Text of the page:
Blue Hervé. Acrylic and pencil on board. 2014
Enquiries to the Martin Tinney Gallery
The following comments (and my replies) are from a post I made back in January on completing the work titled Blue Hervé. This is the kind of dialogue I find really gets my creative juices flowing. I’ve illustrated today’s post with images of the work in process, from the maquettes to the daily progress on the easel. (The sharp-eyed will notice that I changed the head of the maquette part-way into the process.) I thank Jacqui Hicks, Marly Youmans, Phil Cooper, Jeffery Beam and Rebecca Verity for being such stimulating and supportive company at the Artlog.
Jacqui Hicks: Ah textures… I love those textures Clive, the suit, the t-shirt, the wolf’s fur; when you are painting clothing do you imagine the texture of a specific fabric or is it more the fall and folds that inspire?
Clive H-J: Both, really. It wouldn’t do were I to capture too specific a texture if the finished result distracted from the overall idea, so I tend to think of surfaces as patterning.
In this image I began to see the wolf’s fur as the eddies apparent on the surface of water, and that was fine, because it added another layer of possibilities to the piece. Moreover it took me down a different route to THIS image, where I thought of the fur almost as a cursive language that was a secret repository of wolfish knowledge.
My work on this theme tends toward the hieratic, and so lacking the kinetic in obvious terms, I place falling leaves to conjure restlessness. They also help the viewer to know how it is to be blind Hervé in that moment, with the sense of displaced air as the leaves pass, and the cold vulnerability of exposed skin in the presence of rough fur and sharp teeth.
So many things to be thinking about as a painting like this comes together, and I rarely capture all the thoughts buzzing through my head. And so I make another, and another, and another…
… and so it goes on.
Marly Youmans: The ‘cursive’ fur made me think of Diana Wynne Jones’s “Spellcoats.”
Strange kiss: teeth and neck.
I was thinking about how this story relates (in some odd fashion) to your love of the Staffordshire outsize dog-with-child figures. (And perhaps they dimly relate to the original mystic semi-encounter with the hooded man and his giant dog/wolf, when Jack was a mere puppy-child.)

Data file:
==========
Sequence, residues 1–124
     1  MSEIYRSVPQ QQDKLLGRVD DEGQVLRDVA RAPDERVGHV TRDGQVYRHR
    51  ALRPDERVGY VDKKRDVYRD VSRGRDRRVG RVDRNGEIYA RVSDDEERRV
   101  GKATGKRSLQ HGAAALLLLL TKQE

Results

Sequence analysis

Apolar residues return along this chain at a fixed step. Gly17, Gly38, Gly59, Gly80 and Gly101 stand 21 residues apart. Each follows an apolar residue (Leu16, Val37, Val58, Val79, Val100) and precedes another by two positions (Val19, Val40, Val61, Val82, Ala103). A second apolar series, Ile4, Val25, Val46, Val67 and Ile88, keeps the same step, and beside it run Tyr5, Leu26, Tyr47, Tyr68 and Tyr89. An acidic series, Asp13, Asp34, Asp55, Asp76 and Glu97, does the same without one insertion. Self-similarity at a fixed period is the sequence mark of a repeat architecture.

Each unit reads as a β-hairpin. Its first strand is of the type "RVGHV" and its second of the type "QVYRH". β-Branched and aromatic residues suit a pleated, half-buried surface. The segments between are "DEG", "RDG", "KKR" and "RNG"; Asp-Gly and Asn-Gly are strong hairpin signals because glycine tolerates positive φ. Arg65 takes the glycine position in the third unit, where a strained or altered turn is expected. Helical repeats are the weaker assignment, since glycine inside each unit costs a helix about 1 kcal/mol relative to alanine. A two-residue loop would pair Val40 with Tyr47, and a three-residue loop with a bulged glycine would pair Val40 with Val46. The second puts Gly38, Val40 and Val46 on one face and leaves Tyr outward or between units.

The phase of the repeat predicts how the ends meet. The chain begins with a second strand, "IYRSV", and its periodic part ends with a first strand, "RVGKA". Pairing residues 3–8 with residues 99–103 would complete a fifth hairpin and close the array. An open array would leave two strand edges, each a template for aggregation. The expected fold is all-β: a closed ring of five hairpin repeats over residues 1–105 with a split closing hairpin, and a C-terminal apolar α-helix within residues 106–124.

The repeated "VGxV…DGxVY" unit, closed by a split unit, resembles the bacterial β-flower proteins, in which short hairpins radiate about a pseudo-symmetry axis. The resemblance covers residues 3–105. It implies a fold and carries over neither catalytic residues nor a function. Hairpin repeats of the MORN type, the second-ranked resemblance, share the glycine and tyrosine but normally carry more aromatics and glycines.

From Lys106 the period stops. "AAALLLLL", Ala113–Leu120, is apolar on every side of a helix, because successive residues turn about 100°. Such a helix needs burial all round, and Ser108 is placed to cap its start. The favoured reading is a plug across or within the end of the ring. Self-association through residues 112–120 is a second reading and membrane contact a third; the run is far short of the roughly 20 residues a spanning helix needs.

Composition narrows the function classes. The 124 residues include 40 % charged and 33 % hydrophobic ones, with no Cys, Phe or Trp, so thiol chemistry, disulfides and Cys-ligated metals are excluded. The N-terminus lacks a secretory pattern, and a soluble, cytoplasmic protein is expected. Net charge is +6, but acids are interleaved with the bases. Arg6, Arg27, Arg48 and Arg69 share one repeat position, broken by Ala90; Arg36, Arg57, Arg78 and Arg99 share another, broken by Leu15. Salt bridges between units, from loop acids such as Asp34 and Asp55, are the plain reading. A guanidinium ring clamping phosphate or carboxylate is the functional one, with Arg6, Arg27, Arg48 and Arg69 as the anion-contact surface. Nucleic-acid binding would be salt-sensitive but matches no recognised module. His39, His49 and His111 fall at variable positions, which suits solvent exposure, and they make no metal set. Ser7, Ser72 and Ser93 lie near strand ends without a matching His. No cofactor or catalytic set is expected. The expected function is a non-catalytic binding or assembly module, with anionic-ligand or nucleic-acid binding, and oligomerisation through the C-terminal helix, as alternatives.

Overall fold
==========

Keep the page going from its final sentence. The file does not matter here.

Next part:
Phil Cooper: I’d snatched a couple of peeks at this painting on my iPad in breaks at work this afternoon, taking in bits at a time; it’s grown on me over the day and now I’m looking at it on the big screen at home I’m completely smitten, it is really mesmerising me. I love the silvery whites cutting through the richness of the reds and blues, the wildness of the wolf with the tenderness coming through, Herve’s delicate expression, the planes and shapes running round the picture, the shadow across the wolf’s hindquarters, I’m astonished, it’s brilliant.
Clive H-J: You express thoughts so poetically that I think we’re completely in tune on this, on what I’ve tried to express and what you feel. As is ever the way, I see only the failings and the lack, and feel sharply how I might have made it better. But then it’s these feelings, no matter how painful, that spur me on to the next. There always has to be another, to make up for the deficiencies of the last.
Thank you, Phil.
Phil Cooper: I do identify with what you write about how you feel about your work Clive – maybe, as you say, it’s better it were thus as it spurs us on to making more work and striving for new heights. But in this case of this painting, gosh, you’ve created something of real power. That hand grazing the foreleg is the clincher for me, so soft but it’s like lightning!
Clive H-J: Lightning! Yes, I like that description. Thank you Phil. Lightning it is then.
Jeffery Beam: I love the sense of floating, suspension in this. The falling (in love?) and the contrast of the red (oxblood red) and the blues made even richer by the little bit of grey, and the black. Also that the Wolf looks straight at us while Hervé bends away with eyes closed, but not in fear it seems, but in transformation. The missing shoe, as mentioned above, Hervé’s shirt lifting up showing belly. All so tender and deeply felt. I’ve enjoyed watching the progress of this piece. Bravo as always wise and masterly Clive.
Clive H-J: No, not wise… or not wise enough… and far from masterly. But I aspire with each day at the easel to both those things, and doomed to failure though I must be, I still keep trying.